"How Ways of Knowing Shape Storytelling"
By Stephen Puskas
Montrealmiut Stephen Agluvak Puskas is a visual artist who recently finished work as a project manager for Nunalijjuaq, a SSHRC research project about Montreal Inuit at Concordia University, and producer for Montreal's Inuit radio show Nipivut. He volunteers as an Indigenous community representative for Montreal police and Dawson College and has been involved with urban Inuit strategies along side other Inuit in the Montreal community and Inuit organizations across Canada. Interested in subjects regarding cultural identity and representation, Stephen speaks at schools and other public venues to raise cultural awareness about Inuit and indigenous people within the greater Montreal community.
Isuma TV celebrates 30 years of innovative Inuit programming with a series of film screenings highlighting the Inuit perspective to audiences from coast to coast to coast.
Isuma is an Inuktitut word meaning “to have thought, intelligence or rationality.” The concept of Isuma does not neatly fit into the western European ways of knowing—in fact, it thwarts and counterbalances it. Isuma folds the bonds of avvaq, two halves of a whole, two people named after the same person, with the perspective of the pluralities of truth. European ways of knowing is taught in the workplace, at school and at home.
Highly personal and based on practice, there has never been one objective base of Isuma. Each Inuk has his or her own Isuma and experience and they pass on their Isuma to the next generation through their names. This custom of passing on names from generation to generation is not just a way to reinforce bonds but also a way to pass on knowledge. Names can be passed on from a grandmother to a grandchild, or from an uncle to a niece—anyone within the family. It is a way to ensure that we live on through our children and grandchildren. Two people who share the same name are considered the same person. This way, Isuma, or thought, is passed from generation to generation, and it grows through experience.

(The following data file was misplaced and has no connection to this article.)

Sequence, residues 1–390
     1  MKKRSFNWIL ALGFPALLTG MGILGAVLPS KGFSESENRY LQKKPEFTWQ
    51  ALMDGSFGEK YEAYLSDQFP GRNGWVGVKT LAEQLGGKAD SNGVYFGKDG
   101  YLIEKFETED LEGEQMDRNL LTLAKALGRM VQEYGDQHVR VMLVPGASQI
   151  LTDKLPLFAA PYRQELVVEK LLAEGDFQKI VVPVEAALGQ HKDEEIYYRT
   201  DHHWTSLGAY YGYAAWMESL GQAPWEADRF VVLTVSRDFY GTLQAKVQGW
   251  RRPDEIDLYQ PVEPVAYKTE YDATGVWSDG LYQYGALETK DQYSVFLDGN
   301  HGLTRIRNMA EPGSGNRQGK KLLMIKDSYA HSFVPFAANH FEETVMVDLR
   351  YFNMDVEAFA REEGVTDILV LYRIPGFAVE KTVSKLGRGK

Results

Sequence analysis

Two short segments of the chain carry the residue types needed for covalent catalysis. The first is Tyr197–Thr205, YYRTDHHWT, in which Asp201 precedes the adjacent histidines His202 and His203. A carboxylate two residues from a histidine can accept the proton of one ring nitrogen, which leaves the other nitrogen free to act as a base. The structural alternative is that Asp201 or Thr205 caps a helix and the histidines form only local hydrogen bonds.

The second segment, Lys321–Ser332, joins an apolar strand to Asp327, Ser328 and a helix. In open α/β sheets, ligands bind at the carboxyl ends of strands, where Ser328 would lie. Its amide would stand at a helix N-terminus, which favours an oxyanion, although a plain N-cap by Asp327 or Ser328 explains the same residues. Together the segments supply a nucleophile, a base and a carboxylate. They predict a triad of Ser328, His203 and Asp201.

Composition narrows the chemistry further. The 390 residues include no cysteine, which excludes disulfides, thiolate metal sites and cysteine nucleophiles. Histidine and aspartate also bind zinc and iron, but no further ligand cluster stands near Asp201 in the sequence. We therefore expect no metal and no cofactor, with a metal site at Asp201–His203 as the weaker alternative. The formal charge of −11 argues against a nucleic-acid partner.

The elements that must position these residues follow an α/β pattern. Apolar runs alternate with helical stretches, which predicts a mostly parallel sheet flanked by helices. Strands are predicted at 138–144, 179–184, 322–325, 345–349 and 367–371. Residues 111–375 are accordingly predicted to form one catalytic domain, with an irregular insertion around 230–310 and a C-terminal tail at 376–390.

In western European culture, singular and objective knowing is seen as of the highest value, reflecting one reality, created by peer review, and drawn from comparison. This way of knowing and how it conflicts with the Inuit philosophy of Isuma is reflected in the historical depictions of Inuit in documentaries and texts by non-Inuit: the views and stories of an individual Inuk were gathered and then applied to all other Inuit. One perspective or one voice became the authoritative representation of a diverse chorus of voices, and the voice that was heard above all others was the one that reinforced the preconception of what it means to be Inuk by non-Inuit.
In the early days of film, these Inuit voices were also often captured with the performers not knowing how these films would live long after they have gone and not knowing how their voices would be used, interpreted, and reinterpreted by others. There are many subtleties in Inuit culture that can be lost in the fast and loud world of the Qablunaak. As Inuit control the medium in which their voices are presented, these subtle—but important—details are included.
Isuma TV has forged a path for contemporary Inuit storytelling. Films like Atanarjuat: The Fast Runner is a form of isuma in a new medium. These films reveal individual experiences that will be passed on to new generations. They do not directly instruct the viewer about one “objective” truth, but guide the viewer through the lived experiences of individuals. The stories and perspectives were also created with the knowledge of how their performance will be used in the future since creative control was in the hands of Inuit themselves.
There’s a difference in how Inuit see the world, how we see ourselves, and how we see each other. The way we express this can communicate a much deeper understanding of our inner world than an outsider ever could, and this 30 year anniversary celebrates the continued effort to bring these views to audiences around the world.